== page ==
The instant invention overcomes the shortcomings of the prior art by providing a novel hot water circulating system which can be easily installed in existing residences without the need to modify existing piping and wiring and which provides a control mechanism which minimizes installation and maximizes convenience.
The instant invention is comprised of one or more signalling units, a base receiver/control unit and mechanicals. The signalling units are themselves three-part units having a self-contained power source.
The first part of each signalling unit is a detector which is activated by an indication of potential demand. This is a major improvement in the instant invention over the prior art. Prior art devices either have the user turn the pump on, or have a sensor turn the pump on when the hot water is turned on, or have a sensor turn the pump on according to a temperature setting or a time interval. In contrast, the instant invention anticipates user demand by sensing activity in the room. For example, in a seldom used bathroom, the detector may be photosensitive, so that when a light is turned on, the sensor is activated. As another example, in a kitchen where foot traffic is heavier, the detector may be infrared with the field or intensity adjusted to detect a person in proximity to the sink and cabinets but not around the stove or refrigerator. Finally, in a master bath/bedroom area, the detector may be a motion detector which senses movement in the bedroom. Thus, the detector could sense when a person comes into the room or gets up. The instant invention appreciates and uses in different embodiments light, heat and motion as the condition to be detected in anticipating demand.
The second part of each signaling unit is a control switch which permits the unit to be (i) turned OFF so that it will not transmit upon detector activation; (ii) turned ON so that the activation of the detector will result in signal transmission; (iii) MANUALLY ACTIVATED so that, whether turned ON or OFF, a user can manually initiate an activation signal transmission.
The third part of each signaling unit the signal transmitter. In the preferred embodiment the transmitter sends an RF (radio frequency) signal of set frequency, duration and power. Because the unit is self-contained, requiring no connection to an external power source, each signalling unit can be located without regard to its proximity to an electrical outlet. Furthermore, because it is wireless and because no physical connection need be made between the signaling unit and the water supply line or faucet, physical access between the signaling unit and the pump or the faucet need not be considered during installation. This permits the homeowner to concentrate on just the two concerns, "What is the best type of detector to anticipate use in a particular application?" and, "What is the best placement for the detector so that the system works when I want it to?" This is a major improvement over prior art devices.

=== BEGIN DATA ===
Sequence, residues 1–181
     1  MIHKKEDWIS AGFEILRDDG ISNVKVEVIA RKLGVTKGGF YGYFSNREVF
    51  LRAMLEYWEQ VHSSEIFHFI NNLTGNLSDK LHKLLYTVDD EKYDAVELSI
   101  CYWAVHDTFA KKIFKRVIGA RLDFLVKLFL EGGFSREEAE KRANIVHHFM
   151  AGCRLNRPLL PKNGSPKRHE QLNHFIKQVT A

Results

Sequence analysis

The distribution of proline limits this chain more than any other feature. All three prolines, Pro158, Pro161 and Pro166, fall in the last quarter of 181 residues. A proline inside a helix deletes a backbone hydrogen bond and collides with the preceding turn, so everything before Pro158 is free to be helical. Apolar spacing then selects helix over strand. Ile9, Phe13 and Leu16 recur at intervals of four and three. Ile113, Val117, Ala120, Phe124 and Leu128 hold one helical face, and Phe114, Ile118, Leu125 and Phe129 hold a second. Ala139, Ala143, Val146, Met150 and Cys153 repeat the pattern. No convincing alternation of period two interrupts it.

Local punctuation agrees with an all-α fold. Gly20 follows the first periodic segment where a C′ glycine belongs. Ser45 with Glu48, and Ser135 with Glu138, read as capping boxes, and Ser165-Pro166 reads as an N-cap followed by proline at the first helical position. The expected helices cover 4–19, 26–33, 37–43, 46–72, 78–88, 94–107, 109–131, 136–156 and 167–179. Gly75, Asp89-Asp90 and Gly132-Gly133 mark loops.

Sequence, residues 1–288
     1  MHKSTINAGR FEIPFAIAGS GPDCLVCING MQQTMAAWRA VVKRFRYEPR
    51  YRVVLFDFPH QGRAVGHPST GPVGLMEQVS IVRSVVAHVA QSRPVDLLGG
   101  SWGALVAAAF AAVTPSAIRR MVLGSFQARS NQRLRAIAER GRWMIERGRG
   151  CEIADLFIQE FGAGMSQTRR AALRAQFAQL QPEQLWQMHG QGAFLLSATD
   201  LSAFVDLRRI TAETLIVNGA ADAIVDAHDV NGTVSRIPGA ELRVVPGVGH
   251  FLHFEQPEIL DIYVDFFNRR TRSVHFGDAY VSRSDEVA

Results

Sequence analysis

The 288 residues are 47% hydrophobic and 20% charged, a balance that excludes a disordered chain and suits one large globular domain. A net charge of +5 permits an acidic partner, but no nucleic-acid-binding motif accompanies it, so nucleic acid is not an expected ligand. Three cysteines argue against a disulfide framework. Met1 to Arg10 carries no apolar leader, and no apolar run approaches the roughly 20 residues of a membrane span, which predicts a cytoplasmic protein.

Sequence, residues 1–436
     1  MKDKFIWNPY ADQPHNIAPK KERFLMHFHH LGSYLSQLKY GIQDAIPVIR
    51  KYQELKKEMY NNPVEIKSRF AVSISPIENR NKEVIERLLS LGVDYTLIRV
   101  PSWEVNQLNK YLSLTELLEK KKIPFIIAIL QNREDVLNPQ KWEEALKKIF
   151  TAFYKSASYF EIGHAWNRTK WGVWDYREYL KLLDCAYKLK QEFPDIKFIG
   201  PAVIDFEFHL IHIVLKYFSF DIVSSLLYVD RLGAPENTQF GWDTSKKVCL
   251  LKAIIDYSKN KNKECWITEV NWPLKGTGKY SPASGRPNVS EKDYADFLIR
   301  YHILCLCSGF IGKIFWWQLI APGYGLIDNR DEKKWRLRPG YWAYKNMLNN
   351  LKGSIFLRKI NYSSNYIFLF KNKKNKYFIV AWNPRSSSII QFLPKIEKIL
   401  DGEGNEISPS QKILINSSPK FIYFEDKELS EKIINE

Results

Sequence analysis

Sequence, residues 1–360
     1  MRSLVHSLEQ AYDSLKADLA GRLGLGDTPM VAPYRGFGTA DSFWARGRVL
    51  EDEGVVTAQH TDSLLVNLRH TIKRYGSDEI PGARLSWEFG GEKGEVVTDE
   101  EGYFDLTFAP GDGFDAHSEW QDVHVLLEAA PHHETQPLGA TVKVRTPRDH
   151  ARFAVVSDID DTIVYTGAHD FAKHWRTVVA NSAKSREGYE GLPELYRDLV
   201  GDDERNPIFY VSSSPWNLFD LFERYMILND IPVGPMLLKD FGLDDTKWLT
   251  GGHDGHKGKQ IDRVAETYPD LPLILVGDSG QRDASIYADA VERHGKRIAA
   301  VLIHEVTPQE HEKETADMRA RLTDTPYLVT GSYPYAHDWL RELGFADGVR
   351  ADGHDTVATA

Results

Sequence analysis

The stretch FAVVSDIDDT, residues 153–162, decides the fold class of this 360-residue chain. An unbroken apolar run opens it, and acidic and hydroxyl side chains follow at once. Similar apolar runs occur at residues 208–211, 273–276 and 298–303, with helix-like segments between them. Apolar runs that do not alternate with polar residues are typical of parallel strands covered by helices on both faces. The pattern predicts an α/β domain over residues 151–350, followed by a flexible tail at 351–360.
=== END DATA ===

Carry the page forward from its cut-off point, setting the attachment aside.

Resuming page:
The base receiver/control unit incorporates an RF transceiver which receives the signals from the various signaling units throughout the home. The base receiver/control unit also incorporates an adjustable timer which serves two purposes. First, the timer controls the interval during which the mechanicals operate and, second, the timer controls the interval between one signal and the next which will activate the mechanicals.
The mechanicals are comprised of a fractional horsepower recirculating pump driven by an electric motor and a check valve at the pump outlet which limits water flow to a single direction.
Advantageously, the base receiver/control unit and the mechanicals are assembled in a single cabinet making it easy for the homeowner to transport and install. The cabinet is installed between the drain valve on the residential hot water heater and a nearby hot water bib-type faucet, that is, one which is threaded to permit attachment of a standard garden hose. Hoses connecting between the hot water faucet and the cabinet and between the cabinet and the hot water heater drain valve are the metal braided type usual to washing machine installations. This provides a flexible hose easily installed by the homeowner but which is resistant to abrasion and cutting.
In operation, upon tripping of a sending unit, the transceiver receives the signal and provides power to the recirculating pump which pumps water from the faucet to which the unit is connected into the opened drain line valve of the hot water heater. Thus, no cold water enters from the cold water inlet into the hot water heater to make up the water purged from the hot water lines, instead, the cooled hot water is recirculated back into the hot water heater making the system more energy efficient to operate since the warmer water will take less time to heat. The timer is tripped upon signal receipt which permits the pump to operate for a preselected period of time. While the operating period is adjustable, no more than about four minutes is usually required to purge the hot water lines sufficiently. The timer also times the interval between signals after which another signal will cause activation. After purging, the hot water lines do not need to be again purged until the water has again cooled. The adjustable timer, after being activated and activating the pump, will prohibit activation of the pump again until sufficient time has passed for the hot water to cool. Since hot water cool-down is affected by seasonal temperature changes as well as by the particular water supply layout in the home, the timer is separately adjustable for this reset interval as well.
Thus, the present invention provides a unit which is extremely convenient to the homeowner because it is readily installed without in-wall wiring or modification of existing plumbing and piping. Further, it anticipates usage by sensing a condition which the homeowner has selected as an indication of potential need for hot water and initiates and accomplishes hot water circulation without the need for the user to manually initiate hot water circulation.